“Media and their publics coevolve,” writes Lisa Gitelman early in her book Always Already New: Media, History, and the Data of Culture (13). It is a statement as evocative as it is declarative. Gitelman’s implication, namely, is a holistic approach to the history and historiography of media forms—one which rejects both technological determinism and old-fashioned “great man” hypotheses of invention. Central to the quote with which I began my summary are Gitelman’s definitions of “media” and “publics.” In order to define these aspects, Gitelman uses as a case study the proliferation of recorded sound in the United States during the late 19th century. What was, in the 1890s, a kind of new media is, according to Gitelman’s argument, usefully indicative of how an aforementioned coevolution runs its course. Gitelman sets about performing an “exactingly contrastive” approach to “the comparative study of media” (17) in order to characterize how new media are mediated.
“New media,” writes Gitelman, “emerge as local anomalies that are also deeply embedded within the ongoing discursive formations of their day” (29). This is to say that as much influence as had Thomas Edison on the invention of, say, the phonograph—of the process of recording and distributing sound—the local bandleaders (52), housewives (74), immigrants (79), and persons of color (72) of America made contributions just as meaningful toward the new medium’s adoption and development. This is easy enough to see solely based on certain aspects of sound-recording taken up at the admitted expense of other affordances directly marketed, even, by the inventors of the process itself. As Gitelman describes, “the phonograph was one of those rare, Jekyll-and-Hyde devices that was invented for one thing and ended up doing something completely different” (60). Whether or not the “operas” eventually set into mass-produced record grooves were true Italian arias, two-minute “representations”of them, or otherwise “metonymic” vaudeville “turns” or ersatz band performances (68f.), the development of the sound record evolved, alongside its public into a far cry from the dedicated stenographer originally “‘perfected’” by Edison at Menlo Park (60).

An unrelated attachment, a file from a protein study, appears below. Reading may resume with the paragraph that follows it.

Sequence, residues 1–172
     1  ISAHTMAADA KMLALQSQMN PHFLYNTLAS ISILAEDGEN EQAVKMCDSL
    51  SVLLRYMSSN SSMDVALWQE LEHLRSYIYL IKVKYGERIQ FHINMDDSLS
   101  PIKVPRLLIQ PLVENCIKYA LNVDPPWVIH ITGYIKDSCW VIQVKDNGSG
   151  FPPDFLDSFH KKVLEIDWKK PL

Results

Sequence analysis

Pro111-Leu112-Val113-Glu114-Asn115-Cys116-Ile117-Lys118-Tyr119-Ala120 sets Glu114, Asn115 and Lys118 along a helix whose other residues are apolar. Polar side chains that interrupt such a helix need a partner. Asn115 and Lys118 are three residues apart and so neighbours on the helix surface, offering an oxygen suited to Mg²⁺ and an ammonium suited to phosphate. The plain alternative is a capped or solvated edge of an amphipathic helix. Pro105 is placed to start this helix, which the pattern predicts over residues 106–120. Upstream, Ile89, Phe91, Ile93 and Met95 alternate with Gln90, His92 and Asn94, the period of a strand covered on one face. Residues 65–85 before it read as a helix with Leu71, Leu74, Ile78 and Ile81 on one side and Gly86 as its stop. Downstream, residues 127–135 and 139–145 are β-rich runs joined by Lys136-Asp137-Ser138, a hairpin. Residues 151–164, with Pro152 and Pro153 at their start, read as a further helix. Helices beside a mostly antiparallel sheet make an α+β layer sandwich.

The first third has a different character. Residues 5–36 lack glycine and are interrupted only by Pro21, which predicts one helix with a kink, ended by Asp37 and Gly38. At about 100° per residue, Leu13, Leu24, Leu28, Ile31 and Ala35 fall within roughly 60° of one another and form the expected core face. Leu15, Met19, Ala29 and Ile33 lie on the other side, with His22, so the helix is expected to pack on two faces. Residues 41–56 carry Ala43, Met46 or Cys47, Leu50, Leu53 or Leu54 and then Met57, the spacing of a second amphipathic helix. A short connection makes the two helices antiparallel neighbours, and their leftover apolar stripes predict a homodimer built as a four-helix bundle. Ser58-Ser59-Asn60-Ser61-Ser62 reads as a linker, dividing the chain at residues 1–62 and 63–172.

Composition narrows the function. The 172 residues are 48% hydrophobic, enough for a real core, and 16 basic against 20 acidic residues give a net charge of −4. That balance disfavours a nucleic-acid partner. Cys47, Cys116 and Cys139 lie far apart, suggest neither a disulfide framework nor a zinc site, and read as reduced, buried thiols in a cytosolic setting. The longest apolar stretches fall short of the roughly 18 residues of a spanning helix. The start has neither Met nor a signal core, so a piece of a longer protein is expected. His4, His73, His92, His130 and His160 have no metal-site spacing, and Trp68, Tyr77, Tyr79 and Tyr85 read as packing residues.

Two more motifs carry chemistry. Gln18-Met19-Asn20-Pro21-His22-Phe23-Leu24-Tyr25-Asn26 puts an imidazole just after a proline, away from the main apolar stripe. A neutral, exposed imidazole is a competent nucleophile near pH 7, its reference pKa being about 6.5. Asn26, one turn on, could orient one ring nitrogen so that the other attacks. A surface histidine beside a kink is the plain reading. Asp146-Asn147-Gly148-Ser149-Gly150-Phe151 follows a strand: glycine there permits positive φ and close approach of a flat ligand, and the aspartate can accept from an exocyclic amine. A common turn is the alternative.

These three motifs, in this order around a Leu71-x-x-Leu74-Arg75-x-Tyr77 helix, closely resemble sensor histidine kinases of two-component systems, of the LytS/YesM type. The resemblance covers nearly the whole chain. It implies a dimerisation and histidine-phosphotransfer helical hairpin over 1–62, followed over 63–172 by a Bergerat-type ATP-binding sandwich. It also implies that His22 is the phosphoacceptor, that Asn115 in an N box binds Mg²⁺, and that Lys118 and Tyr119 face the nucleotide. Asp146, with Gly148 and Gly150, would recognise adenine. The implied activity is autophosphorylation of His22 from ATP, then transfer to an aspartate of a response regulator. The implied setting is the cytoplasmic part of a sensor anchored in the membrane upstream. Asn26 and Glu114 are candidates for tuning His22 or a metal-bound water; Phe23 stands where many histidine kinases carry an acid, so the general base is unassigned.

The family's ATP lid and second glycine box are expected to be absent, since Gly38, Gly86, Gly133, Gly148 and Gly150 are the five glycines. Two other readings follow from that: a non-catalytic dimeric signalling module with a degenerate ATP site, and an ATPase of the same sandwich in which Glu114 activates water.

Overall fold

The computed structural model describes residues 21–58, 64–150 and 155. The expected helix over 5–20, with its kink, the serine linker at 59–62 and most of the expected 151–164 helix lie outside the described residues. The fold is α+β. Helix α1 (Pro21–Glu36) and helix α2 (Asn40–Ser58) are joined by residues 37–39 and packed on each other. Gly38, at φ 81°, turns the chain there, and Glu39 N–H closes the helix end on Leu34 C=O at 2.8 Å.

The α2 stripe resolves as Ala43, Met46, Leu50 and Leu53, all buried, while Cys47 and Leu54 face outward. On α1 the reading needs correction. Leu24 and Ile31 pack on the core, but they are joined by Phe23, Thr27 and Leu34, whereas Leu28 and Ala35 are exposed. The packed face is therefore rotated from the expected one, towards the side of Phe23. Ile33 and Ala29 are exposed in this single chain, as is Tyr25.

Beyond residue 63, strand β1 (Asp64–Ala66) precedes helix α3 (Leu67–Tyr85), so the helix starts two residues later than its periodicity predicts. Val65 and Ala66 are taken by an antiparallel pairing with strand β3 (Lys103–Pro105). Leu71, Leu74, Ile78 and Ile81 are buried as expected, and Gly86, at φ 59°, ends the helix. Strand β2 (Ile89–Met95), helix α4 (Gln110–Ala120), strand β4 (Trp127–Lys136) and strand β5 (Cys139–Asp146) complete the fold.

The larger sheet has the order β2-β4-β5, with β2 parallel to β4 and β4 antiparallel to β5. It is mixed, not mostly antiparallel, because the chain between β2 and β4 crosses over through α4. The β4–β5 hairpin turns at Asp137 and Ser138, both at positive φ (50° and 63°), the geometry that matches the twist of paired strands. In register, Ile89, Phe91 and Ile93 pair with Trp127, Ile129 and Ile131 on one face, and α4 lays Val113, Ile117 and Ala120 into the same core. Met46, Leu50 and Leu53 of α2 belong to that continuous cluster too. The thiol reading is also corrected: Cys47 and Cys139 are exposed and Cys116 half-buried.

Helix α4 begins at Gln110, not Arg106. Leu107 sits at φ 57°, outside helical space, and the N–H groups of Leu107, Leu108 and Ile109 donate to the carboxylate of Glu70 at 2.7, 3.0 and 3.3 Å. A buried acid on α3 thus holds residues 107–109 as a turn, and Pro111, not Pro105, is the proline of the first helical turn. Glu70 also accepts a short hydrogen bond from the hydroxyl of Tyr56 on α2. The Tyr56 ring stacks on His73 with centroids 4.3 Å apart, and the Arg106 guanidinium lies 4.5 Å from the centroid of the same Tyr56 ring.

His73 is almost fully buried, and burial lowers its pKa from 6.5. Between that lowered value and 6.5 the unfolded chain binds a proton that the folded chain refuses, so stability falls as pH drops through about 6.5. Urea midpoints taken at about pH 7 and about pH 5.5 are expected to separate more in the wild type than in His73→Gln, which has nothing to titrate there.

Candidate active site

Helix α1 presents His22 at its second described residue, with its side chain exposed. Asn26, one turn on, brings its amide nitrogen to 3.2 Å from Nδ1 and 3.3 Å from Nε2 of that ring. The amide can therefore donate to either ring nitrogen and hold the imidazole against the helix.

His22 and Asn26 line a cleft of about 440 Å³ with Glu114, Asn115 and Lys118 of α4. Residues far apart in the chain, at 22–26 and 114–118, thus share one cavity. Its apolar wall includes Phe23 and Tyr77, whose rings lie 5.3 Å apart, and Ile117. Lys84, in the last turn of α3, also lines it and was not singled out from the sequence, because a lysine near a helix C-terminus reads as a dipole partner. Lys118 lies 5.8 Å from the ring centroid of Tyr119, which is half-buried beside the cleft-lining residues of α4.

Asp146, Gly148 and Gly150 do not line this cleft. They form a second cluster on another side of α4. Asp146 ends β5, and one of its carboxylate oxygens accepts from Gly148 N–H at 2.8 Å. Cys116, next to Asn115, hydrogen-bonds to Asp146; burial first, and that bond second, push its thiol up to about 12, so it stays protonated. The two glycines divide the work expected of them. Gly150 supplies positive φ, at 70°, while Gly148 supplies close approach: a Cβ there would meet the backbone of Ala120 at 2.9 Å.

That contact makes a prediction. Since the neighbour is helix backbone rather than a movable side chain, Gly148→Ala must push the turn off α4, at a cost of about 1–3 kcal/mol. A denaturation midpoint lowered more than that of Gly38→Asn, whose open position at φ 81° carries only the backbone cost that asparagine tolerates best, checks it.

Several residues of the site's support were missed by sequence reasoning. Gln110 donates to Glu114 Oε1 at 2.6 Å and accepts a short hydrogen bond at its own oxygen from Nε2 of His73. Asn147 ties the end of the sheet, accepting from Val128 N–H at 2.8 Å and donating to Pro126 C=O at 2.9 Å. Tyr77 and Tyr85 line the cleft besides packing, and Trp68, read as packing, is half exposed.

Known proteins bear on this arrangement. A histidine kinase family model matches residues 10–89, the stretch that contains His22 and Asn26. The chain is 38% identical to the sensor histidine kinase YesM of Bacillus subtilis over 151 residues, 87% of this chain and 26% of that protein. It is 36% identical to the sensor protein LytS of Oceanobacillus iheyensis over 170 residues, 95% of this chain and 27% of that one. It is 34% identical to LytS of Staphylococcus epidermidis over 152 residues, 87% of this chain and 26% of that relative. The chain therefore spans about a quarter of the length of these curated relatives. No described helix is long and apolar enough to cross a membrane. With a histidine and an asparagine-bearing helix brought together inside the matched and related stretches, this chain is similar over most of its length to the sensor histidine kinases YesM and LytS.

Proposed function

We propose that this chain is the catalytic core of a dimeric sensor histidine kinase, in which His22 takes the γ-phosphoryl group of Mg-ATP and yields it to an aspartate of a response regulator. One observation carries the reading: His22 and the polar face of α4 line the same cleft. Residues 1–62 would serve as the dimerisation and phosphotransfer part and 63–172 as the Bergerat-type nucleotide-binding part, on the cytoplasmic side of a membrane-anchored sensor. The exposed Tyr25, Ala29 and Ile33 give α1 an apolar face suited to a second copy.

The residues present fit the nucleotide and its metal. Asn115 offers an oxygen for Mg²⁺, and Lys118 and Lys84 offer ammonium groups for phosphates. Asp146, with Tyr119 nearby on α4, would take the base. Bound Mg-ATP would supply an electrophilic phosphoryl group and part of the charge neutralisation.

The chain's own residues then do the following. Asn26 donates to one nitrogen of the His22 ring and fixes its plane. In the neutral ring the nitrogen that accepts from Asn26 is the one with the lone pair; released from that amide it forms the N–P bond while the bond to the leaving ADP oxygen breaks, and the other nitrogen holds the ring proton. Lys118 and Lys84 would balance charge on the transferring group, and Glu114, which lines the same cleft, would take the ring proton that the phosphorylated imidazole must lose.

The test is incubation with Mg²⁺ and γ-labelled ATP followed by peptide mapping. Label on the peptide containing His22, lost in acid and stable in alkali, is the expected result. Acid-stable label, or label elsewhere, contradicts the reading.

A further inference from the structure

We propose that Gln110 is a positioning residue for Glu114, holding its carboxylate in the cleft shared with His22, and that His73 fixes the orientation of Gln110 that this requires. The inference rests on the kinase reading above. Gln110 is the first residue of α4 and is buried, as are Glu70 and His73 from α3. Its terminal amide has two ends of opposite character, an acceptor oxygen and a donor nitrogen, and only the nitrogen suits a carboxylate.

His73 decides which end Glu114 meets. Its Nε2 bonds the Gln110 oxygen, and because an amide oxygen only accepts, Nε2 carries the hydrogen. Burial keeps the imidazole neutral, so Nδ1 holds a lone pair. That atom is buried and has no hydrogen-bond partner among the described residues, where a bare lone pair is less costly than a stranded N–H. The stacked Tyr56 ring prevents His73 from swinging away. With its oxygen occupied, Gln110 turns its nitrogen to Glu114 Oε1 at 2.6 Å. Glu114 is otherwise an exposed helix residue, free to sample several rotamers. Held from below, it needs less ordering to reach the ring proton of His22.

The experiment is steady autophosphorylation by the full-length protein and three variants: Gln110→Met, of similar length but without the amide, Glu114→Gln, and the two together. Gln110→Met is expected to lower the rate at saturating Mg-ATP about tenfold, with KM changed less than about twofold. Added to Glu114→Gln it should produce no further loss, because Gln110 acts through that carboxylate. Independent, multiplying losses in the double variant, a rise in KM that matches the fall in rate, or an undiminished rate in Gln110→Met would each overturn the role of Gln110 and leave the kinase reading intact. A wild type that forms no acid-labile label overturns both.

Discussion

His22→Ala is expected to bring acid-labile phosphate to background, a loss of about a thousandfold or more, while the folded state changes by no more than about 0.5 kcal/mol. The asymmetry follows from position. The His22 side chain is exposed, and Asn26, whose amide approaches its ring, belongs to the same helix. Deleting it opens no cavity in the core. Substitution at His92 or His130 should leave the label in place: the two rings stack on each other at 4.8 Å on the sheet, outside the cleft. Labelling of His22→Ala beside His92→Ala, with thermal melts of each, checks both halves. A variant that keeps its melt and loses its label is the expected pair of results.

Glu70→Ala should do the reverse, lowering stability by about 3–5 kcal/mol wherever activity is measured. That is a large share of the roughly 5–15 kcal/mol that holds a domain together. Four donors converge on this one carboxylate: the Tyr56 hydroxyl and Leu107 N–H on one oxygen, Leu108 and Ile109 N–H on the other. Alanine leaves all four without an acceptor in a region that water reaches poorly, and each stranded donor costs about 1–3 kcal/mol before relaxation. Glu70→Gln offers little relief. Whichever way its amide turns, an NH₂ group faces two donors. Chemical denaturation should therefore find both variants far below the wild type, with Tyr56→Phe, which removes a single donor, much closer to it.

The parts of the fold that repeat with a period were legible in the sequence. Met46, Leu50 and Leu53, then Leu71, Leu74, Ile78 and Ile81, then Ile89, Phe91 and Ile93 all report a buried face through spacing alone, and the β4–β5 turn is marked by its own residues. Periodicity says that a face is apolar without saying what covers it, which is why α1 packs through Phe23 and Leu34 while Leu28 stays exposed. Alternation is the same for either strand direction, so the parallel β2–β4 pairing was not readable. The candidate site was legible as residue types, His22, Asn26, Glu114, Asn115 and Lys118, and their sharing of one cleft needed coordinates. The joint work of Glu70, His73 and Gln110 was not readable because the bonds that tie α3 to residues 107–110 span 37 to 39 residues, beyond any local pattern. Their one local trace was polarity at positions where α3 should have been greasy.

Perhaps the most interesting delineation drawn by Gitelman in these chapters however, is that which distinguishes aforementioned, imagined or extant “publics” from the “users” who interact with new and old technology and media. Referring to Gitelman’s words: “Publics are comprised of users, but not all users are entitled or constitutive members of the public sphere” (60). It remains of the utmost importance, then, to always lead with a definition of the terms of one’s history, or one’s writing of one’s history. As much as our media landscape seems to rely on an inescapable and often precarious “logic of transparency, of pure mediation,” so too does our constant “imagination of self and community” (84). A well-written history, respectful of all aspects of its subject’s and its own coming-into-being, must reflect this.
My question is this: why does Gitelman write the way she does, and how does it reflect those values? Consider page 80, in which the prose of the book becomes—as it does at certain other points throughout the chapters—noticeably more visual and narrative. Does this make for a more or less considered approach to history and historiography?